Judge urges Georgia, Florida to work out water dispute ahead of ruling

The Apalachicola-Chattahoochee-Flint (ACF) basin flows from northeast Georgia through Atlanta and along the border of Alabama, finally emptying into Florida's Apalachicola Bay. How the water is allocated before it reaches the bay is the subject of legal proceedings between Florida and Georgia. (© iStock)

Closing out a month-long trial in the latest chapter of the water dispute between Georgia and Florida, special master Ralph Lancaster imparted some words of advice to both states: work it out.  

Appointed by the U.S. Supreme Court to provide a recommendation to resolve the 27-year legal battle over the Apalachicola-Chattahoochee-Flint basin (Florida filed suit in 2013, charging that Georgia’s overuse of water has had adverse impacts on its lucrative oyster industry), Lancaster suggested that returning to the negotiating table ahead of his ruling would be in the states’ best interest.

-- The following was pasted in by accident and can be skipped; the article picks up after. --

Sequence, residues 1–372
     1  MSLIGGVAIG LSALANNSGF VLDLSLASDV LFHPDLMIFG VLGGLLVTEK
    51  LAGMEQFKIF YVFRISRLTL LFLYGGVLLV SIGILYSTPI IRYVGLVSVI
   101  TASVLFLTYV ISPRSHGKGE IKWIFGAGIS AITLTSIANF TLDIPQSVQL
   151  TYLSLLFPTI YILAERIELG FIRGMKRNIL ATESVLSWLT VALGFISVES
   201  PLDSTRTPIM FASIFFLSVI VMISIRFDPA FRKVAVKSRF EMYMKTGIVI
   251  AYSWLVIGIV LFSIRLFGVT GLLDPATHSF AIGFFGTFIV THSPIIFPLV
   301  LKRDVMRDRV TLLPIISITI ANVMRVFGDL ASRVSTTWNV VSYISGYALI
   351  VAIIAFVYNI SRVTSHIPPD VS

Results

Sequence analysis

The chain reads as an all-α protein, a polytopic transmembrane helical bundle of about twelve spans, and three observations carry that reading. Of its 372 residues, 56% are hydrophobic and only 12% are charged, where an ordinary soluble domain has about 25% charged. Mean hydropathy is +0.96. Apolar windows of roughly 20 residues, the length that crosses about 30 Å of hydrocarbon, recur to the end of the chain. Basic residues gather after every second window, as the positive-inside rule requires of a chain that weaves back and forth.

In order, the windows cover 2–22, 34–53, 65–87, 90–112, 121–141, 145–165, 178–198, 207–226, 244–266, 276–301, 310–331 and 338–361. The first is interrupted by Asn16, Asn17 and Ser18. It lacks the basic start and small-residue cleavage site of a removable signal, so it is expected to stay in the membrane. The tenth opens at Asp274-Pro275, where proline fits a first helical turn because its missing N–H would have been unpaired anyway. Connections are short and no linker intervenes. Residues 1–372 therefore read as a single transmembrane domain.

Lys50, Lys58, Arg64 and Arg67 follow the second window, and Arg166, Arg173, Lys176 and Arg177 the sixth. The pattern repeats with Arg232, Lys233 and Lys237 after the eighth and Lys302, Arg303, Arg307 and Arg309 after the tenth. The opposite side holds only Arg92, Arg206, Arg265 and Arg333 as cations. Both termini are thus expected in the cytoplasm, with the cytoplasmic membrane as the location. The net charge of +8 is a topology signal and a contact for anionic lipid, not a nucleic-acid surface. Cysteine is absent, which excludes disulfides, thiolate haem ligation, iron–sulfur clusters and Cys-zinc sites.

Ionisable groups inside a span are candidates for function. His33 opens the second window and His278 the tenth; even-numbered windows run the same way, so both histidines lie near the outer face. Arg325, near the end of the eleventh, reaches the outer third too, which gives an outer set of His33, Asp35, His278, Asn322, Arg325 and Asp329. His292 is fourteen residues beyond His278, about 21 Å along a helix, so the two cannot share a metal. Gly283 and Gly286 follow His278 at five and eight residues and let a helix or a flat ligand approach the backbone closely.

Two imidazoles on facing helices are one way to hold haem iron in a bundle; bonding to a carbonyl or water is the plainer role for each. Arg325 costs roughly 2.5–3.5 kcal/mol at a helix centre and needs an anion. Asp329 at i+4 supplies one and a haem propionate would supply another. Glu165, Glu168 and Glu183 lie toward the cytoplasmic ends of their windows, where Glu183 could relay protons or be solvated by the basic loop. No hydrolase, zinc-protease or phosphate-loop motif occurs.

“Finally, please settle this blasted thing,” Lancaster said in court. “I can guarantee at least one of you will be unhappy with my recommendation and, perhaps, both of you. You can’t both be winners. But you can both be losers.”

According to the Atlanta Journal-Constitution, Florida attorneys have criticized Georgia’s conservation and farming practices and want to see a cap on the state’s water use, while Georgia Governor Nathan Deal recently defended his state’s conservation efforts and warned that a legally-mandated cap could have devastating impacts on south Georgia’s agricultural industry.

Attorneys on both sides will file closing briefs in the next few weeks before Lancaster issues a ruling, which may happen before the end of 2016. The state attorneys will then have an opportunity to weigh in on Lancaster’s recommendation before the U.S. Supreme Court issues a final decision next year.

While not directly involved in the case, SELC continues to keep close tabs on this long-running dispute to ensure the final outcome protects water quality and quantity.

Read more trial coverage from the Associated Press: “Georgia-Florida Water Fight Now in Hands of Special Master".

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